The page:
Battlefield 2: Modern Combat Review - The Next Level

Game Profile

Release date:
October 24, 2005
Electronic Arts
1 - 24

Battlefield 2: Modern Combat

Fall in and prepare for Pvt. Jenkens to crash the helicopter!

Review by Ross Fisher (Email)
November 23rd 2005

Where's the wife-swapping button?

For what it is hot-swapping into different characters during single player is probably the only thing that takes the experience from being a "glorified tutorial mode" into something resembling the Hollywood-war experience Electronic Arts seems to have been aiming for. My only bone of contention is Dice's decision to map this command to the "Y" button.

Why should you care where "hotswap" is mapped? Because it means that the controls in single-player are different than multiplayer! On paper this probably doesn't sound too bad, but trust me when I say that you'll be activating your mike (white button in multi) when you mean to reload for at least the first fifteen minuets. It's nothing that hampers your long term fun, but it is an annoyance we all could have done without.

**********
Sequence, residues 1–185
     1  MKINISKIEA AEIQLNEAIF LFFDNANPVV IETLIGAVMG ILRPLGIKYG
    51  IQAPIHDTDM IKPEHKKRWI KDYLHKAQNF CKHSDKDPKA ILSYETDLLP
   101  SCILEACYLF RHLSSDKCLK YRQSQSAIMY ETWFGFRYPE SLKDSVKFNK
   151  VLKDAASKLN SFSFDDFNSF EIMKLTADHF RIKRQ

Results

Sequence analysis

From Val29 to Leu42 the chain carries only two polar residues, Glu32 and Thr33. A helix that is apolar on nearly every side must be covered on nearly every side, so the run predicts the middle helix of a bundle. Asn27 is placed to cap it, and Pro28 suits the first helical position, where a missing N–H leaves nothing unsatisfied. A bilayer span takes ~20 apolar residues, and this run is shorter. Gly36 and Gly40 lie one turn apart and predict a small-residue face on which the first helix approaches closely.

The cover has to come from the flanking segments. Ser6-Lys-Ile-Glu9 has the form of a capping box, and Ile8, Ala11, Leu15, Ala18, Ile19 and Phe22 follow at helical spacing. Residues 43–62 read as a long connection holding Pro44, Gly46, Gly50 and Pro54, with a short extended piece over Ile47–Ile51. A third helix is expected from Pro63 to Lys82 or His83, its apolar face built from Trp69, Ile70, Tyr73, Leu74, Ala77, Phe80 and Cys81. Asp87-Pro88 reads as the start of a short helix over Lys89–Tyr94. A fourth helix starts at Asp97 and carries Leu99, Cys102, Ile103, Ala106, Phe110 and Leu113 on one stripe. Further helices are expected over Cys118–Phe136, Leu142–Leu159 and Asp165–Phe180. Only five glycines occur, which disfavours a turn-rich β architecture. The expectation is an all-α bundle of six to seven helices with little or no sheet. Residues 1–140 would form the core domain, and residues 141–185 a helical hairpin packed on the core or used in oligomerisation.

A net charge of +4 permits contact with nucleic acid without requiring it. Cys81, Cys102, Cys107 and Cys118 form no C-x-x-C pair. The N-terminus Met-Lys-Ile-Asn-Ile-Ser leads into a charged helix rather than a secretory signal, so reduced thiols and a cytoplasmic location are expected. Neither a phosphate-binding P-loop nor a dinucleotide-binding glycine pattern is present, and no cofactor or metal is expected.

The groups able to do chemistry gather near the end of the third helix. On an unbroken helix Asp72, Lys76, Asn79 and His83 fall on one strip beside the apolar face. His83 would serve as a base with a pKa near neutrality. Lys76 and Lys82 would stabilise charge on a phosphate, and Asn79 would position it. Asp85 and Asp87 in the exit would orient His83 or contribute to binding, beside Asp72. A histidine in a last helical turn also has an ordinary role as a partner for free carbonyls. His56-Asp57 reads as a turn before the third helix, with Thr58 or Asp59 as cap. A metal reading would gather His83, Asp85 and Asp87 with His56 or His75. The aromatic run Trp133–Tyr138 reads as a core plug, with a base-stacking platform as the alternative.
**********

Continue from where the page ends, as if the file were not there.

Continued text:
Speaking of annoyances – let me tell you all about Electronic Arts and Xbox Live: games made by EA aren't really played on XBL. Instead when a player logs in they're given the Electronic Arts rules and terms to agree to before the game creates a special EA Online account that's separate from XBL. This means that the great service and stability you've come to expect from XBL? Just like your friends list... it's there, but it's somewhere in the background and EA Online can't seem to access it right now.

Once all my logging in, game finding (I don't know about you, but I loved that Halo 2 did all the work of finding a game for you), and loading time issues worked themselves out I found myself playing online. And what a difference it was compared to the early single-player missions. Oh look! THE SUN IS OUT! I had started to question if the game engine simply couldn't do draw distances because all of my single-player excursions thus far had been in the dark, in the rain, or in the snow.

It was here in the orange-soaked shores of some bombed out third-world country I found myself finally discovering Modern Combat. The true essence of the Battlefield experience finally revealed itself to me as I chose the class I wanted to play as, spec ops if you must know, and got down to the task of "making the other dumb bastard die for his country." This is where the game really began for me, and I have a feeling this is where it will begin for you.

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